Even with all of the choking and the bad coaching, Seattle could have won the game if the referees had ruled properly.
I do not mean the Rashard Mendenhall fumble that the officials refused to recognize. Their refusal was understandable, given the technological limitations currently in place. From one view, you could see the ball coming loose but not whether his knee had yet touched down. From the other vantage, you could see his knee touching down, but not where the ball was at the time. A simple technological fix could resolve the matter: If the footage were accompanied by a running clock showing minutes, seconds and tenths of seconds, then the clock could help the officials establish the relative timing of the two events.
No, I mean the absurd ruling that ended Seattle's final drive of the game. With more than two minutes remaining, I had every faith that DangeRuss would rise to the occasion, and the Seahawks would drive down the field and score a touchdown to tie the game and send the contest into overtime. Unfortunately, when a ball intended for Baldwin bounced off the turf and into the arms of a Cardinals defensive back, the referees chose to call that an interception. Perhaps the officials thought they were officiating a 19th-century baseball game, where a one-hop catch put the batter out. The replay clearly showed a cloud of Field Turf fragments erupting from the spot where the ball hit the ground, but apparently that wasn't indisputable visual evidence for the learned referees. Nor did the officials possess the rudimentary knowledge of physics to tell them that the ball's lively bounce was explicable only if it had rebounded from the turf. If the ball had bounced off of Baldwin's arm, as they claimed, it would have hardly bounced at all. I can't believe I managed to finish that paragraph without resort to multiple expletives.
All in all, last week's game was an exceedingly improbable perfect storm of chokage by athletes, coaches and officials. It takes a village to orchestrate a home loss for the Seahawks.
The cost of failure
Let us count the costs imposed by last week's defeat:
1) Seattle could forfeit pole position in the postseason. The Seahawks can still win the division and secure home field advantage throughout the playoffs by beating St. Louis today. However, if we lose and San Francisco beats the Cardinals in Arizona, then the 49ers win the division and Seattle would drop to the #5 seed as a wild card team.
2) Now people think they can win in Seahawks Stadium. For nearly two years, we built the myth that with the 12th Man behind them, Seattle was invincible. That reputation is now shot. Our home field advantage just became a lot less advantageous. The probability of a road win in Seattle for any visitor just grew from impossible to merely difficult. It will take many months to rebuild the mystique.
3) Russell Wilson will not be the league MVP. Probably nothing could have stopped Peyton Manning from receiving his fifth recognition as the league's most valuable player. This is unfortunate, because Manning doesn't deserve it this year. Yes, his record-setting performance caps a heroic comeback from a devastating injury, but that team was built around him. Any decent quarterback would thrive behind that line with that all-star cast of receivers. But no other quarterback in the world could have done what DangeRuss did in Seattle this year, leading his team to 11 victories while running for his life behind an injury-wracked offensive line and an injury-depleted receiving corps. People were starting to notice, but that one bad game took Wilson out of MVP contention.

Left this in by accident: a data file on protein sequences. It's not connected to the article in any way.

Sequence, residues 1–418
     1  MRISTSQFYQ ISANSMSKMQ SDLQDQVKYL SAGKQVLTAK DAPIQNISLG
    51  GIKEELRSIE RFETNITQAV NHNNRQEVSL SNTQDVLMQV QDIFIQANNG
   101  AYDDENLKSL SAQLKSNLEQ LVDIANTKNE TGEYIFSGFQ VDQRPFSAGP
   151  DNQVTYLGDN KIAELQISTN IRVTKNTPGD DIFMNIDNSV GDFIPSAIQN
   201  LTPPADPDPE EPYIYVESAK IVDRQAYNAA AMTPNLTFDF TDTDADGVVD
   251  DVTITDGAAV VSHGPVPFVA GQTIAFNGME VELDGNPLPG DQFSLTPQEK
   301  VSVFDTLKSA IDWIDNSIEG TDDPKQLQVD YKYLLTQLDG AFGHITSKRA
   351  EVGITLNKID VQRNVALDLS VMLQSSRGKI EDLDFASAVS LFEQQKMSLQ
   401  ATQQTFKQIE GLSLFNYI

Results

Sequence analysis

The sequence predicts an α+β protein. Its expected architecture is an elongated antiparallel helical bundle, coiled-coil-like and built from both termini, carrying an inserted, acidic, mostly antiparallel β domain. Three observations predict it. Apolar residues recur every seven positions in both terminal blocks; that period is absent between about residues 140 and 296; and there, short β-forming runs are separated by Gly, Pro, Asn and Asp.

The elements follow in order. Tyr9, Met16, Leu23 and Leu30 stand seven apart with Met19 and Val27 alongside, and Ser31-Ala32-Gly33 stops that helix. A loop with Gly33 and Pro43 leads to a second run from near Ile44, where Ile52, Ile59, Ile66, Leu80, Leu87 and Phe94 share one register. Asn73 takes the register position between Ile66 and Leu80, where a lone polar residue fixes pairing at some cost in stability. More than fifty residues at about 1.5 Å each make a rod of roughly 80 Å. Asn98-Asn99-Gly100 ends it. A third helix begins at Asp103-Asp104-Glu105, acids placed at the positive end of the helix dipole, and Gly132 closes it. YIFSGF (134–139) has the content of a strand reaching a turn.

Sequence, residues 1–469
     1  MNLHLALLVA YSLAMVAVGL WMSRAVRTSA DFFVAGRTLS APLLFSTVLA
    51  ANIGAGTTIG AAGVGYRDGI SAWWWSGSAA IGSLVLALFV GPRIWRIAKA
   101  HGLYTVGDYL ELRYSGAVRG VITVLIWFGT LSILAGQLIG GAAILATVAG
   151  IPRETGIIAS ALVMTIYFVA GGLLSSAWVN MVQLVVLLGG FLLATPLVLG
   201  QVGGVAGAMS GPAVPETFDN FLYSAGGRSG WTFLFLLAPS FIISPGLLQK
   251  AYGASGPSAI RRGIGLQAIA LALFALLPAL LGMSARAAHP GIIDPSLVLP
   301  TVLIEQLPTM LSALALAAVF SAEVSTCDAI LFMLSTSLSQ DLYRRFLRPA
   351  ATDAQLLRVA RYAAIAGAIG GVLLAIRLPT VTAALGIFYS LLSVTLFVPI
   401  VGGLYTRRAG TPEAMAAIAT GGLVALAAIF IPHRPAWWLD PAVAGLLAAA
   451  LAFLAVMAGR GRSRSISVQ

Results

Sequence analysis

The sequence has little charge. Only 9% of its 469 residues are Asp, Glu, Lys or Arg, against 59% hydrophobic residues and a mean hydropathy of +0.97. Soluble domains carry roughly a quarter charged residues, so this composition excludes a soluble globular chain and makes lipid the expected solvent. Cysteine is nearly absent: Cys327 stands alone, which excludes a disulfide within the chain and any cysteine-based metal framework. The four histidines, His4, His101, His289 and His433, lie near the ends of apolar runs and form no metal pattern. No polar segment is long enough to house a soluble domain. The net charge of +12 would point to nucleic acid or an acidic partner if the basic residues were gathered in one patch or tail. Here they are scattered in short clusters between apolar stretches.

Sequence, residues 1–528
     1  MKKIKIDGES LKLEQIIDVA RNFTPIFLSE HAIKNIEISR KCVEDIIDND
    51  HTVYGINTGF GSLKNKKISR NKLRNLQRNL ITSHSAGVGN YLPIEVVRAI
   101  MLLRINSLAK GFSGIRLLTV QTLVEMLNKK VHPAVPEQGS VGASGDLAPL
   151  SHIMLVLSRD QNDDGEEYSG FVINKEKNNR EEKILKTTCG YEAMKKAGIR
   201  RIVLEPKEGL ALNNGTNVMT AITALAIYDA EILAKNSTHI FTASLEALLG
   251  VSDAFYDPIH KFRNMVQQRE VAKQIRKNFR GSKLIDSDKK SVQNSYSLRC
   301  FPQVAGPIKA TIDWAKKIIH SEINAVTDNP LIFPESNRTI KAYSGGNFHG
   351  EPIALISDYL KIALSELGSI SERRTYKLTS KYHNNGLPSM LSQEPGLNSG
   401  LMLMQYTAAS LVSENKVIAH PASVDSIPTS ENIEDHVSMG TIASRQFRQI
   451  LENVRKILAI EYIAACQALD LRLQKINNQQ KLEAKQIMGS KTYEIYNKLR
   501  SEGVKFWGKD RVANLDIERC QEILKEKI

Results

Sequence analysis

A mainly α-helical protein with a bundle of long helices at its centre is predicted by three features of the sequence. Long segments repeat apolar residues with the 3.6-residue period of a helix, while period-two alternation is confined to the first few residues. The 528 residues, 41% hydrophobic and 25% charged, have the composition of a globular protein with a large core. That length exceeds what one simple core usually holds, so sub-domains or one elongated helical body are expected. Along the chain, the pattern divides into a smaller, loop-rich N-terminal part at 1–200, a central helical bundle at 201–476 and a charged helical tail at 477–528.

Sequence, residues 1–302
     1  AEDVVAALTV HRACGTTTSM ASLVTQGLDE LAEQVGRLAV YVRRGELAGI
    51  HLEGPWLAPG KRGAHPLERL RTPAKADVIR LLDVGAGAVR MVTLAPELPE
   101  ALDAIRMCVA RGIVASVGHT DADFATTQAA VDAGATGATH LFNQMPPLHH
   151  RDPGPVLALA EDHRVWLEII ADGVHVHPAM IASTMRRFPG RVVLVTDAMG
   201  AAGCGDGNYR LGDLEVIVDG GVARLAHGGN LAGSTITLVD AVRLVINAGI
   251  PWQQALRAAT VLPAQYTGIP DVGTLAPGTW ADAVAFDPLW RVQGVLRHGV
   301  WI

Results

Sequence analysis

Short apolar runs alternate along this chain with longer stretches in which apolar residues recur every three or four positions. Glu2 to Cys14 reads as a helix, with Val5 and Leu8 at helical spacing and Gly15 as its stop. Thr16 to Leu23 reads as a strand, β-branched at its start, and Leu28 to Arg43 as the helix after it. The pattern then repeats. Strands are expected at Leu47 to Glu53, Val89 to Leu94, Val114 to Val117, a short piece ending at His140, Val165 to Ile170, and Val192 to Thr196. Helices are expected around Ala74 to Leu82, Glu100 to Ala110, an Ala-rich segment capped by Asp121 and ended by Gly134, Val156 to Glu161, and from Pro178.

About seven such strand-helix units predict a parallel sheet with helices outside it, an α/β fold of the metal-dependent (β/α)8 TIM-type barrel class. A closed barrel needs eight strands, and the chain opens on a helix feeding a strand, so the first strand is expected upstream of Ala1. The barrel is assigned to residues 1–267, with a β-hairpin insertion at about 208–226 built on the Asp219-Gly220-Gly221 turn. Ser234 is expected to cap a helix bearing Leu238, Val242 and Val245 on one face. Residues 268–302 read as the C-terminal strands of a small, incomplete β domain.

4) Seattle keeps getting outcoached on offense. When offensive coordinator Darrell Bevell is in a playcalling groove, and when DangeRuss is executing like Robespierre during the Reign of Terror, Seattle's offense has appeared unstoppable. While opposing defenses could load the box to limit Beast Mode, they couldn't seem to figure out how to contain Wilson in the pocket, and seemed perpetually astonished by his ability to defeat the blitz and find open receivers. However, twice this month--in San Francisco and against Arizona last week--it looked like defenses had figured out our offense. Under pressure, yet unable to escape the pocket, our quarterback often could not find open receivers. Sometimes, it seemed that defenders knew where Wilson was going to throw the ball before he or his receivers did. Our opponents will follow this formula until the Seahawks find a way to defeat it.
Even in defeat, Seattle keeps it close. If we lose, we lose narrowly. The Seahawks haven't lost a game by more than a 7-point margin since November 6, 2011 in Dallas.
Seattle tends to rally after losses. The last time Seattle lost two consecutive games was in October 2012, and those were road games in San Francisco and Detroit. The last time the Seahawks lost two home games in a row was in October 2011 (to Atlanta and Cincinnati, splitting two road games in between). The last time Seattle lost two back-to-back home games was in November 2008, the season of Mike Holmgren's dirgelike swan song.
The Seahawks have owned the Rams, winning 16 of the last 18 contests against St. Louis. Unfortunately, Jeff Fisher is a great coach presiding over a very talented roster. We barely beat the Rams earlier this year. St. Louis sacked Wilson seven times and took Lynch down from Beast Mode to Kitten Mode, holding him to 23 yards and the team as a whole to merely 44 yards on the ground.
It should be a good game, but I'm praying for a cathartic beatdown to put the league on notice and restore some of the lost luster to Seahawks Stadium and the 12th Man.